President Obama’s interview with Today’s Meredith Vieira on Tuesday morning made me realize that certain voices are not being heard by television viewers. Just because those voices are from Wall Street does not mean they should be muted. Granted, television viewers probably don’t want to hear those voices, but America, after all, is the land of equality—so let’s hear them out.
I’ve got a Ph.D. in psychology and make my living as a coach to Wall Street traders, so I can tell you what really goes on inside their minds.
I can assure you that Wall Street cares about the average American and they are hurt, yes hurt, that they are all clumped together and labeled as “greedy” or un-American.
The focus now is on the Wall Street banks, like Goldman Sachs, that have paid back their TARP money and are stockpiling cash to pay out bonuses at year-end. This disappoints our president, who says it shows the banks have not learned their lesson.
“The point is what you haven’t seen, I think, is a change in culture,” Obama said Tuesday. “A certain humility where they kind of step back and say, ‘Gosh, you know, we really messed things up and so maybe we should be more focused on the products that we are providing consumers. Let’s make sure that we are operating in a more secure, safe fashion.’”
Wall Street is a business like any other, and those who earn their living there feel they are entitled to the freedom and benefits afforded to any other hardworking, taxpaying American.
As one trader put it, “Wall Street did not create America…America created Wall Street.”
I have to admit he has a point.
It seems Wall Streeters really feel they have learned their lesson—or at least have been punished for their indiscretions. The industry did the crime and has done the time. Was the punishment severe enough? Did enough people at Lehman Brothers or Bear Stearns lose their jobs?
From the point of view of those who live in New York, Connecticut, and New Jersey, they are still struggling with significantly higher unemployment rates than the rest of the country. Jobs weren’t just lost, they were eliminated—it’s just as if the GM factory in your town closed down and now you have to move to find work.
And you know what? Many of those Wall Streeters are good, hardworking, honest Americans, just looking to raise their families in a safe, healthy environment like the rest of us.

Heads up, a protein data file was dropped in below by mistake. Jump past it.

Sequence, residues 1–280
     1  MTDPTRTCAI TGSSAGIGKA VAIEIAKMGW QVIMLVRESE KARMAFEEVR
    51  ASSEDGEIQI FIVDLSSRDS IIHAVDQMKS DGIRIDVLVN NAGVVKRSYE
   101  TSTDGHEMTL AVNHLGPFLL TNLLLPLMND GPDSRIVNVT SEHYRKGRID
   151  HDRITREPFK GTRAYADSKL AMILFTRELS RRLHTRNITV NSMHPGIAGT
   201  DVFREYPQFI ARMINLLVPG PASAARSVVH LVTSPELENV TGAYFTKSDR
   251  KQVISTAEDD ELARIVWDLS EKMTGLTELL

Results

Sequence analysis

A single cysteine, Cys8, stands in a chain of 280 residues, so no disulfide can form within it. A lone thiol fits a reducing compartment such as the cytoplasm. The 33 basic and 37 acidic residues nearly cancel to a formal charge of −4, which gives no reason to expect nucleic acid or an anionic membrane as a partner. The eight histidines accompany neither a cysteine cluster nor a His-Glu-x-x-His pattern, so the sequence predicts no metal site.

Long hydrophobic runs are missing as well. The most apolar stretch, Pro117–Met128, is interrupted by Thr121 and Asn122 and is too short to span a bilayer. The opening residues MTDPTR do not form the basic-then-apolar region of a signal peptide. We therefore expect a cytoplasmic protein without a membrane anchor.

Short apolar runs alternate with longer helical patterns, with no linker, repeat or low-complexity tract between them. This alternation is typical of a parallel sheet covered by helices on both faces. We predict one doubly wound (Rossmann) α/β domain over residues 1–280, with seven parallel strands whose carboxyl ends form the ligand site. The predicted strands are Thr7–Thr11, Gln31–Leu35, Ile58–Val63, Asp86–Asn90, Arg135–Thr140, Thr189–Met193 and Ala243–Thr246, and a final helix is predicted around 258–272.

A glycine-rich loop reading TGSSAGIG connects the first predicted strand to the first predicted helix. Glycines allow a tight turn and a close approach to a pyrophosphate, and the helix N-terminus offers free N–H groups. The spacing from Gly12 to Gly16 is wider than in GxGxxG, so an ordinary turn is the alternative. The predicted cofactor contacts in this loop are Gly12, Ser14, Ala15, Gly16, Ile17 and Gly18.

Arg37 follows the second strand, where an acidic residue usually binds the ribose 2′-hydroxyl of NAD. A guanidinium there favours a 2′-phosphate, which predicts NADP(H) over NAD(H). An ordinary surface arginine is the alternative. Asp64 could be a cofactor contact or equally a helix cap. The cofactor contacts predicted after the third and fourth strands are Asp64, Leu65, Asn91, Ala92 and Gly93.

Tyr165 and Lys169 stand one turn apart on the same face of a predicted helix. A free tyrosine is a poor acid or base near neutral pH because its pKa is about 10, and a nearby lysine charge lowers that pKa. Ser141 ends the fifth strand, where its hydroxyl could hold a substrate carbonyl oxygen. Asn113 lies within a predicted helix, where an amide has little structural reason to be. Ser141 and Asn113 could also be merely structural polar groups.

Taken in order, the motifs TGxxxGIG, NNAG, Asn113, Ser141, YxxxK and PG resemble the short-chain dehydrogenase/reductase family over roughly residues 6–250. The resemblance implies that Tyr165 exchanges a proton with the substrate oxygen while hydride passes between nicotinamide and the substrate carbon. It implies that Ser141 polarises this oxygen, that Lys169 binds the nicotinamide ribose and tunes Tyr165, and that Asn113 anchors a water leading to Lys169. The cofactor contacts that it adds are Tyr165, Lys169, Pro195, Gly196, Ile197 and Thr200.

One of my clients this week reminded me about the dangers of generalizing information when assessing an investment—it can lead to misguided decisions. While the average American may not care about Wall Street, I can assure you that Wall Street cares about the average American and they are hurt, yes hurt, that they are all clumped together and labeled as “greedy” or un-American.
Ironically, the world of Wall Street—entrepreneurial, capitalist—is very much American. “Life, Liberty, and the Pursuit of Happiness” is America’s motto. My Wall Street clients are not trying to make friends with everyone, they are trying to earn a living, just like every other American across the country and as a result, they just want to be better understood by the rest of the country.
In every occupation there are bad, manipulative people who will try to rip off other trusting people. Maybe Wall Street has more. Maybe not. Maybe it just makes more interesting news for the media to talk about how many scumbags and Ponzi schemes there are on Wall Street.
Liars, cheaters, and morally bankrupt people exist everywhere, in every occupation—not just on Wall Street. And just because it’s discovered from time to time does not mean it is fair to generalize and trash an entire industry. Labeling all of Wall Street as criminals, in my clients’ opinion, is un-American, because it is, at its core, a form of prejudice based on an association someone has with an industry.
Just this week, a client of mine said he is, for the first time in his life, uncomfortable telling people he meets what he does for a living because he has seen how they look at him different, telling him he is “part of what is wrong with America.”
I’m not sharing what goes on in the heads of Wall Streeters to generate sympathy for them. That really is not what they want. I think what they are looking for is a deeper level of understanding of who they are, what they do, why they do it, and, more important, to let the rest of America know that while they may have chosen a different path and career choice than most, they bleed the same color, they love their children just as much and their tears are just as salty.
I know Obama is focused on what is in the best interest of all Americans, and it is clear he is passionate about his job. The Wall Streeters would like him to know that America created Wall Street, not the other way around, and if history has taught us anything, it is that generalizing a population based on the actions of a small portion of the population is not good for anyone.
Dr. Doug Hirschhorn is one of the premier trading coaches on Wall Street, whose client list includes Deutsche Bank and numerous billion-dollar hedge funds. The co-author of The Trading Athlete and the forthcoming 8 Ways to Great, he is a former columnist for Trader Monthly, and a regular commentator on CNBC.